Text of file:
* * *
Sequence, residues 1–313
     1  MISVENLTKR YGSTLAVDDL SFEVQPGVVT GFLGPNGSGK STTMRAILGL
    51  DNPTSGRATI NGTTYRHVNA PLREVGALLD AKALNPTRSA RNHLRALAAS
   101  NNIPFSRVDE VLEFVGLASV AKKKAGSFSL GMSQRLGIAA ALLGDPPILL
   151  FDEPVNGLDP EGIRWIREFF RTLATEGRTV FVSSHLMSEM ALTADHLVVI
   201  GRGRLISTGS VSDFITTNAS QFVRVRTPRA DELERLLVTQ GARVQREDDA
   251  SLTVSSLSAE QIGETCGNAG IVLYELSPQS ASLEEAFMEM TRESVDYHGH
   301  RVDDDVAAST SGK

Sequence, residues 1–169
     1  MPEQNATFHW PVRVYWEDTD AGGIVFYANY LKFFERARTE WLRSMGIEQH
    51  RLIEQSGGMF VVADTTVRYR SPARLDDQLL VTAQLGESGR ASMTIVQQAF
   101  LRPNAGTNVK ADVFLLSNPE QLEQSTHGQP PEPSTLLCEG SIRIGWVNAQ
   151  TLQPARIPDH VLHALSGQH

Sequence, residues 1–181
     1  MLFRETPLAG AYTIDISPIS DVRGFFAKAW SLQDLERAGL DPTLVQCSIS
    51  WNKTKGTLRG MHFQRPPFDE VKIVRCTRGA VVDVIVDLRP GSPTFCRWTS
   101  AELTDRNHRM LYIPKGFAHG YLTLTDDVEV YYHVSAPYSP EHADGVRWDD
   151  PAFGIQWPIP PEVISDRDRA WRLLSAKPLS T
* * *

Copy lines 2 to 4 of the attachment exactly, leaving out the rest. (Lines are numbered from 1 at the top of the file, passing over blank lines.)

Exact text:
     1  MISVENLTKR YGSTLAVDDL SFEVQPGVVT GFLGPNGSGK STTMRAILGL
    51  DNPTSGRATI NGTTYRHVNA PLREVGALLD AKALNPTRSA RNHLRALAAS
   101  NNIPFSRVDE VLEFVGLASV AKKKAGSFSL GMSQRLGIAA ALLGDPPILL